You don't have to go round it seven times, but you almost feel you should. You almost feel, when you go into what used to be the reading room at the British Museum, where Marx, and Kipling, and Orwell used to work, and hear the wailing of a human voice that millions hear as a call to prayer, as if you should swap your jeans for a tunic. You almost feel you should shave your head. You almost feel like shouting "Allahu Akbar."
You feel this because when you walk in to the Hajj exhibition at the British Museum, which is the first exhibition ever to be put on about the journey Muslims are expected to make, you see that so many people have felt that these were the right things to do. You see them in the photos at the start: people who don't, from a distance, look like people, but who look, instead, like dots. You see them in a film later: more people who look like dots, swirling round a big black block. And you see them in a glass cabinet: tiny splinters of metal massed round a big black magnet, tiny splinters that look like the people who look like dots.
You see, in the photos of travel agents, and of people waiting at airports, and hunched over trays on planes, that some people who have made this journey have travelled a very, very long way. They've done this, by plane, even when the place they're going to is thousands of miles away. And they've done this long before there were planes. They've done this even when they've had to travel thousands of miles on a camel, or by boat, or on foot. They've done this because a man they believe was a prophet told them they should.
What you see, in the beautiful old maps, and the illuminated manuscripts, and ancient Korans, and in the guides to the rituals of the Hajj, and the pictures of pilgrims, and the embroidered textiles that were used to cover things that people thought were holy, is the power of something that has lifted people out of their lives. It has, for more than 1,000 years, made them leave, sometimes for weeks, sometimes for months, their families, and their homes, and everything they know, and taken them to a place where everything is new. It has taken them to a place where people all wear the same things, and do the same things, and say the same words. And where, in wearing, and doing, and saying these things, they feel both smaller and bigger. They feel smaller because they're just one tiny dot in a swirling mass of dots, but they feel bigger because that swirling mass of dots is their family.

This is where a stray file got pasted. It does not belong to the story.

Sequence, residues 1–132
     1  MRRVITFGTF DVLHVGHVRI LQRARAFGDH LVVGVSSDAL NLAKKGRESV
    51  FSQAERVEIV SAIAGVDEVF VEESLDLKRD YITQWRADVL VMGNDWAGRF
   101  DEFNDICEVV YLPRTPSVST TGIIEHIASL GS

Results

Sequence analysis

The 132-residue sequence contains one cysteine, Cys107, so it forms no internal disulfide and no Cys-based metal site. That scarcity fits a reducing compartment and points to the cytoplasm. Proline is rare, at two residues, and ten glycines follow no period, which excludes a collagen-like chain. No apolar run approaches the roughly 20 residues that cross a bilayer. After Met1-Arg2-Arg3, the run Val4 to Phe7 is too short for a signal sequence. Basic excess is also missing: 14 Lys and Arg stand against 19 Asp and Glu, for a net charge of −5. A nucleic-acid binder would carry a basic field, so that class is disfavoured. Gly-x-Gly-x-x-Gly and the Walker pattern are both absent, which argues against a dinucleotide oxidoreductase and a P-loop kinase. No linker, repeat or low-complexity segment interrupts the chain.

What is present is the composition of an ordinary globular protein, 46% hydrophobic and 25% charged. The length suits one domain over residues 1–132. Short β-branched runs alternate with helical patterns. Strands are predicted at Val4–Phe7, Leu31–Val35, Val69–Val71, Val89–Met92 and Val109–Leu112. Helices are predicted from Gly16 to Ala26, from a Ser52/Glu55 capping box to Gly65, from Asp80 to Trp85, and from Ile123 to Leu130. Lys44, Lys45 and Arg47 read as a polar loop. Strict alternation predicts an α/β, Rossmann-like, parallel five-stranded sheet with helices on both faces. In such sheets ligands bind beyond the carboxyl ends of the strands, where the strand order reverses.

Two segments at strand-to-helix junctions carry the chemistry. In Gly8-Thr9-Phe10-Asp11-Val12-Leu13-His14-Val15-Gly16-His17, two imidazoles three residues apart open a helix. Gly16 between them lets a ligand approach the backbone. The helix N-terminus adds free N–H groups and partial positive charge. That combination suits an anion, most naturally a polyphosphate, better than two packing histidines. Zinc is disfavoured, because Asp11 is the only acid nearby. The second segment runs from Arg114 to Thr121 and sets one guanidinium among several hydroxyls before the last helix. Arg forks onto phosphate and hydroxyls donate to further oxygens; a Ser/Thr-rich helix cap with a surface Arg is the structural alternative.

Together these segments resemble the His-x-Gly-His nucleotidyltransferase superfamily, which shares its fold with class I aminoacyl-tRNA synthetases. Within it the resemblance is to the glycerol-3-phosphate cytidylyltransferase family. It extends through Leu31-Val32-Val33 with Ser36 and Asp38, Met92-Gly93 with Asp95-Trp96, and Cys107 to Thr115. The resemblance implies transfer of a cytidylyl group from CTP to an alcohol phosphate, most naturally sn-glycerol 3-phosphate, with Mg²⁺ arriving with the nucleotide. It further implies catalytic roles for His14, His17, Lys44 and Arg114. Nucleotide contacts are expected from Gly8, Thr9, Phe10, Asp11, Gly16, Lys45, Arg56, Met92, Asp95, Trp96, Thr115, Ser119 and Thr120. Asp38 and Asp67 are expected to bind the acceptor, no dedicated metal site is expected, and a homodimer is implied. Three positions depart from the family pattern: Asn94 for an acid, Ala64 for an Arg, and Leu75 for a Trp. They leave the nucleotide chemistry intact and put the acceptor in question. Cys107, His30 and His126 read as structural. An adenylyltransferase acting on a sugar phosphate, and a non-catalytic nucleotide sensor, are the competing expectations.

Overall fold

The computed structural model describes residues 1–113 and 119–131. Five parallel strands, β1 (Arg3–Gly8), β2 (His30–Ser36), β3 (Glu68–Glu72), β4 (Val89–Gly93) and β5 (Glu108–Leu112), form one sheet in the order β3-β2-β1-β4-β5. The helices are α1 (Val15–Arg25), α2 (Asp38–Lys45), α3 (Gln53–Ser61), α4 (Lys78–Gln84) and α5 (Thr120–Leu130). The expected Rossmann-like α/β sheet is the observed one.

You can't see the granite milestone, from the route from Baghdad to Mecca named after the woman who kitted it out with resting stations and wells (which, in the eighth century, not all that many women had the money to do), or the jewels worn by some of the pilgrims who travelled on that route, and not feel that this force, which drew people away from their lives and homes, and through deserts where they might die, must be really quite strong. You can't see the pictures of the Africans, and the Turks, and the Indians, and the Uzbeks, and the Malays, who all made that journey, even though they didn't have much money, and know that quite a few of them died in the process, or in the crush when they got there, and not think that this must, in fact, be one of the most powerful forces the world has ever seen.
You might find yourself thinking about the journeys that people who didn't make this journey have made. You might think about how some people wanted to climb mountains, or run marathons, or sail, single-handed, across seas. You might think of the people who starve in spas. You might wonder why it was that people felt that they wanted to escape from their lives, or go on long journeys, or make a very, very big effort to do something they wouldn't normally do, and you might decide that it didn't really matter why they wanted to do it, but that they always had, and always would.
You might think, when you saw the little dots swirling round the big, black block, and knew that they were following a complicated set of rules that were set out in a book, as if they were playing a complicated game, that there was something a little bit sinister about three million adults all following complicated rules, in a way that made it clear that they didn't think they were playing a game. You might think it was a little bit sinister in the way that plaster casts at Christian shrines were a little bit sinister. But you might also think that it didn't really matter whether or not you thought the rules were sinister, or the shrines were sinister, because the rules and shrines were probably here to stay.
You might decide that, since about a quarter of the world's population was now Muslim, and two and a half million people in Britain, and that that number was going up, it was probably a good idea to try to understand a bit more about the faith that made them travel so far. And that this journey, round this museum, which makes you think of all the journeys human beings have ever made, is a very, very, very good place to start.